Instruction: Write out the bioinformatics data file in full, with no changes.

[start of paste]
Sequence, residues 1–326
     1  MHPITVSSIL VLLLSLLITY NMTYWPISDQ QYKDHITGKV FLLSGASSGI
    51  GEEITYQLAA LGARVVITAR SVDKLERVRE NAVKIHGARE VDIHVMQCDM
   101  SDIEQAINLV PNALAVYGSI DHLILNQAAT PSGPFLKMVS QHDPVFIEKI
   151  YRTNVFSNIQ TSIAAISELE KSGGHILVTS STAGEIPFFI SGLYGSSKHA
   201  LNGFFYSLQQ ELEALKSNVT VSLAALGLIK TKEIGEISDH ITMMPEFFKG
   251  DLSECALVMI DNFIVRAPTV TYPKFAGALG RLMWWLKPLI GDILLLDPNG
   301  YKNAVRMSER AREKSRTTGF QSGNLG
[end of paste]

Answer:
Sequence, residues 1–326
     1  MHPITVSSIL VLLLSLLITY NMTYWPISDQ QYKDHITGKV FLLSGASSGI
    51  GEEITYQLAA LGARVVITAR SVDKLERVRE NAVKIHGARE VDIHVMQCDM
   101  SDIEQAINLV PNALAVYGSI DHLILNQAAT PSGPFLKMVS QHDPVFIEKI
   151  YRTNVFSNIQ TSIAAISELE KSGGHILVTS STAGEIPFFI SGLYGSSKHA
   201  LNGFFYSLQQ ELEALKSNVT VSLAALGLIK TKEIGEISDH ITMMPEFFKG
   251  DLSECALVMI DNFIVRAPTV TYPKFAGALG RLMWWLKPLI GDILLLDPNG
   301  YKNAVRMSER AREKSRTTGF QSGNLG